Who’s reporting Africa now? NGOs, journalism and multimedia (Book)

By Kate Wright (@newsprof1). As news organisations cut correspondent posts and foreign bureaus, aid agencies, human rights groups and other NGOs have been swift to move in. Indeed, NGO-workers are now some of the most important providers of African coverage: regularly creating or commissioning multimedia for placement in mainstream news. But why and how do journalists use the images and video that NGOs provide? How does this change the kinds of stories that are told about Africa? And what effects has NGOs’ shift into news production had on journalism and NGO-work?

Kate Wright’s new book is the first to analyse what happens outside the emergency fundraising appeals, which others have studied. Her unique access to NGOs and news outlets was secured by her unusual positioning: as a scholar, an award-winning international news journalist, and a former consultant on media ethics for Oxfam, Amnesty International and Human Rights Watch. Recommendations from this study have been adopted by NGOs and UN agencies, as well as having influenced ideas of best practice at the International Committee of the Red Cross and the International Criminal Court.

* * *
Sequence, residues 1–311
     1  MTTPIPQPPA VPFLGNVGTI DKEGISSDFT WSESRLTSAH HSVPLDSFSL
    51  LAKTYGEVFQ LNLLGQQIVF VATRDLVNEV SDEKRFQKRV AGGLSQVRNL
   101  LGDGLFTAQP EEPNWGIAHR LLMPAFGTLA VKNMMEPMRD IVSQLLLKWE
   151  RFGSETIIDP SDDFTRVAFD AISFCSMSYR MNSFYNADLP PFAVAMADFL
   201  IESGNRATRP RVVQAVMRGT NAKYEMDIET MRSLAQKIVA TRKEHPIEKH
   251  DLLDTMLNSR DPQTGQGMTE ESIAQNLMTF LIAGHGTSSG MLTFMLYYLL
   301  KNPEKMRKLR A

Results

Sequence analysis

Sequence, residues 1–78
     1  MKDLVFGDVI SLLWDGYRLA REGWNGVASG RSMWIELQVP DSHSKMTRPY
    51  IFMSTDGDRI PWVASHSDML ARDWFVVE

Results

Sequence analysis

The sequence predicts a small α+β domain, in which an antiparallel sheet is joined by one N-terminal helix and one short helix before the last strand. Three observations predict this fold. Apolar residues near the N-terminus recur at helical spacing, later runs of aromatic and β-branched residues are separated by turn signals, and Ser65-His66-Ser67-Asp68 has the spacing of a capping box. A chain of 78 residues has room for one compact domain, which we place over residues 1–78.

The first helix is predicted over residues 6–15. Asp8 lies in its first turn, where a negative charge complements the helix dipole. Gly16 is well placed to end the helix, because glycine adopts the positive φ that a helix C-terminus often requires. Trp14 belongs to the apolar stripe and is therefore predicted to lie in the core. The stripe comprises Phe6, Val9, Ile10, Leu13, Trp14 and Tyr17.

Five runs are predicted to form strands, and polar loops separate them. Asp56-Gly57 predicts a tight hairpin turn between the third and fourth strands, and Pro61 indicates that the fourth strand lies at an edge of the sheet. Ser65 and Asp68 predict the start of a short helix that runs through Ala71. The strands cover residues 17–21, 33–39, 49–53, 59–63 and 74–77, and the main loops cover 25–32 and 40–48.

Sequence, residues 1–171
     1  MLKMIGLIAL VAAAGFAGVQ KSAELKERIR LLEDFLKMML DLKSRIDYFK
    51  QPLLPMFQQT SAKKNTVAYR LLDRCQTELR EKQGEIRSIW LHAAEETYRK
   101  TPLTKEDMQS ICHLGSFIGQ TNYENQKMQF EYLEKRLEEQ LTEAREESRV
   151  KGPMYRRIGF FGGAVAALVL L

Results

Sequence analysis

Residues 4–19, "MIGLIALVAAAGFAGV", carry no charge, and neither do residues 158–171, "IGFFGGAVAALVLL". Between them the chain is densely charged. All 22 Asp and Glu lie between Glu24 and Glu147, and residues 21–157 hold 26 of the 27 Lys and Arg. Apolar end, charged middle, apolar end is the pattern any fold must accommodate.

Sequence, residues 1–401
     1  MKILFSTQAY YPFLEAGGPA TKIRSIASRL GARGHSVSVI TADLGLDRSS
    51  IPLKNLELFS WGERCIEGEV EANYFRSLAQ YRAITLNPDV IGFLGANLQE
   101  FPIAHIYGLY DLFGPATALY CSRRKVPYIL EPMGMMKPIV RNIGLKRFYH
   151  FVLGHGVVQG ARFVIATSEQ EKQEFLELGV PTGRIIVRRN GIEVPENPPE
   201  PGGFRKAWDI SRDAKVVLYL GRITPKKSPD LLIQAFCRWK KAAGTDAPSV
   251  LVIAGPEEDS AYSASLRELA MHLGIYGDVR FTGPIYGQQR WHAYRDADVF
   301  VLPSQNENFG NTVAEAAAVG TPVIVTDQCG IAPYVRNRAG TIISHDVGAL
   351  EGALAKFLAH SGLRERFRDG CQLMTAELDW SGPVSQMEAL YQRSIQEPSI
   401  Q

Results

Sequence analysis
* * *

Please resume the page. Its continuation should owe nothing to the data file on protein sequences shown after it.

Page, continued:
Wright, K. (2018) Who’s reporting Africa now? is Published by Peter Lang and is available to buy now.

 

 

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Twitter

.@SethCLewis gives more evidence the 'filter bubble' is mostly hype. Study of links shown to ppl on google news- finds huge homogeneity. We should perhaps be concerned for the opposite: a handful of outlets dominating all results #IAMCR2018

Congratulations to @DavidCheruiyot and @NothiasT for winning the Stuart Hall prize @IAMCR2018! their fantastic paper on twitter users in Kenya is here: https://t.co/iujidajtsy #iamcr2018

All are welcome to our event on Wednesday 27 June, with Dr Kate Wright @newsprof1 from @EdinburghUni in conversation with head of the @CityUniLondon journalism department, Professor @suzannehfranks.

Register on our website: https://t.co/xWBq7WzKKf